Having released ‘lost tracks’ compilation Data Panik Etcetera earlier this year, Glasgow trio Bis – comprised of Manda Rin, Sci-Fi Steven and John Disco – are marking two decades since they first appeared back in 1994.
The celebrations manifest with the release of Anthology – 20 Years Of Antiseptic Poetry, a 42-track ‘best of’ of sorts sporting new and live tracks alongside fan favourites. Deluxe editions of debut album The New Transistor Heroes and the follow-ups Social Dancing and Return To Central are slated to follow.
Zeroing in on the albums that influenced them most, Manda Rin and Sci-Fi Steven mined their record collections and memories for Bis’s This Music Made Me…
// MANDA RIN’S SELECTIONS
I first heard of the Slits in the very early days of bis when we were compared to them. I instantly trawled through record shops and found Cut, which featured the band covered in mud with very little clothing on. I was hooked.
I loved how this relatively young female band were exposing their angst, their passions, and their mix of musical influences which seemed to range from punk to reggae into this album. The Slits became as revolutionary as the Sex Pistols for many, and I can certainly see why. I liked how each member seemed to be contributing something different which is what I always wanted to do with bis.
I found a large poster of the sleeve which I had on my wall for years when I still lived with my parents. I think it confused them! ‘So Tough’ and ‘Instant Hit’ are such amazing songs.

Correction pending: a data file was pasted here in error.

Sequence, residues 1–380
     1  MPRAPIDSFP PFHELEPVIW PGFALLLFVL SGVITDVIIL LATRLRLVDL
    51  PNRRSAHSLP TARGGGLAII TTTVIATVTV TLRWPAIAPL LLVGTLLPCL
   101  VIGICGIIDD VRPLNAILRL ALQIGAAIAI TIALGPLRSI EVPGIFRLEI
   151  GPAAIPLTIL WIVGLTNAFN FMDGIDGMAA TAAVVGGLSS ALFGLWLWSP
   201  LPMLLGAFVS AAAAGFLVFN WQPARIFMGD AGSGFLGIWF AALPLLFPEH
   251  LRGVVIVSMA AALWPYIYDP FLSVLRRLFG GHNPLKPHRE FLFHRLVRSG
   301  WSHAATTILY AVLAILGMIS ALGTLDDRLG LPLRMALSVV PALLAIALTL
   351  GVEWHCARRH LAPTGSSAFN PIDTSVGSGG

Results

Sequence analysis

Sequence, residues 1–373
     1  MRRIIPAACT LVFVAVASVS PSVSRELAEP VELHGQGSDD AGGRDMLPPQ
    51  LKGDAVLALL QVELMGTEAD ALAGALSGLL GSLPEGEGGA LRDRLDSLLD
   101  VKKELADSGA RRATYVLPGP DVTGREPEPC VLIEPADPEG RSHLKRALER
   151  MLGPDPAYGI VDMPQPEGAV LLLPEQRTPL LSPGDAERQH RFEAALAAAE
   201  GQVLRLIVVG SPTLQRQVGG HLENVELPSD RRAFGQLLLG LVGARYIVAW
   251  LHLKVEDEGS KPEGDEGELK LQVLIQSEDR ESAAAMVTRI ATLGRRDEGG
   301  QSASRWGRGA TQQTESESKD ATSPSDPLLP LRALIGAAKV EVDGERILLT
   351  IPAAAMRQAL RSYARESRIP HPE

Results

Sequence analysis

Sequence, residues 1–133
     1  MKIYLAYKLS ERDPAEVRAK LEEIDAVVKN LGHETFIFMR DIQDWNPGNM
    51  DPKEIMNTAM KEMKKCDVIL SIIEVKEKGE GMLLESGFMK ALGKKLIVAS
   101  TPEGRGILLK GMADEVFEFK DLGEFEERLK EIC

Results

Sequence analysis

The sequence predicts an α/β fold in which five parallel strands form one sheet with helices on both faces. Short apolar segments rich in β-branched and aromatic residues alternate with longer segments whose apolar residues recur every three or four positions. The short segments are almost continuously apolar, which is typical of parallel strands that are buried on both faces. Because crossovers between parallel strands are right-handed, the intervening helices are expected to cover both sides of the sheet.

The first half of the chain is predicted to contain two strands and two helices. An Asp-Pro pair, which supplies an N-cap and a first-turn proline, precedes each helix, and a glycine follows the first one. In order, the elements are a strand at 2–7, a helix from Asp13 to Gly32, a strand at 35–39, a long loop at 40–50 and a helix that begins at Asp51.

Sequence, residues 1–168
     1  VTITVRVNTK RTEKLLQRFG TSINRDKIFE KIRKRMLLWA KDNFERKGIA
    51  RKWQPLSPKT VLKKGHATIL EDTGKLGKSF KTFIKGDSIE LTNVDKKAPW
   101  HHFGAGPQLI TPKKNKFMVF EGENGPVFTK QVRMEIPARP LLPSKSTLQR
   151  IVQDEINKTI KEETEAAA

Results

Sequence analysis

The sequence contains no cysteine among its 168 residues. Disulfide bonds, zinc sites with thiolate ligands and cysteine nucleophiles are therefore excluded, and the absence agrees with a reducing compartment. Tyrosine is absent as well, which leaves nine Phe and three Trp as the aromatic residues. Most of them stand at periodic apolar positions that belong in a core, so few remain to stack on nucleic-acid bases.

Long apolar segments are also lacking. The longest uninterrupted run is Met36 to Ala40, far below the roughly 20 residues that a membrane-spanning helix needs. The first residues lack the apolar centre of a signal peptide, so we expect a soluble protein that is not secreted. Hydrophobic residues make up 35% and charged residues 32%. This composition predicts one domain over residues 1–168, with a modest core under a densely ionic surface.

While many amazing small US bands leading the feminist movement were getting their music, values and ideas released on small indie labels there wasn’t such a big outlet in the UK.
This is maybe why Huggy Bear stood out to me so much. I saw them play in Paisley in Scotland with Mambo Taxi (a small place not many bands ever play!) and were absolutely gobsmacked. With their ‘don’t give a shit’ attitude, they were everything I wanted to have the courage to do and I hadn’t seen anyone like that before.
They stayed on Wiiija records with some fantastic EPs after a big bidding war with major labels, which is exactly what bis did a few years later!
After getting the Ltd 7″ of Stutter and playing it to death I couldn’t wait for an album. Despite being released nearly 20 years ago this is an album I still adore and still play to this day. “Blue”, “Car Song”, and “Hold Me Now” are just a few stand out songs, and I liked this album so much I even bought the US vinyl for stand-by incase I wore it out! This band knew how to write the perfect indie song and Justine is one remarkably ingenious lady.
Bikini Kill are probably one of the best bands that have ever existed, and singer Kathleen Hanna overwhelmingly my biggest inspiration. Her stunning vocals are complimented by being such a strong individual. She’s had criticism beyond belief and many troubles to overcome, but has fought through everything. Bis got the privilege to play Glasgow, London and Ireland with them in 1996 and I was awe-stuck. I embarrassingly gave Kathleen a letter explaining what she meant to me too! In addition to Kathleen, Tobi and Kathi were influential with their fanzines and talents too. “Reject All American” and “False Start” are stand out songs of this album and good representation of exhibiting variation in styles on one album.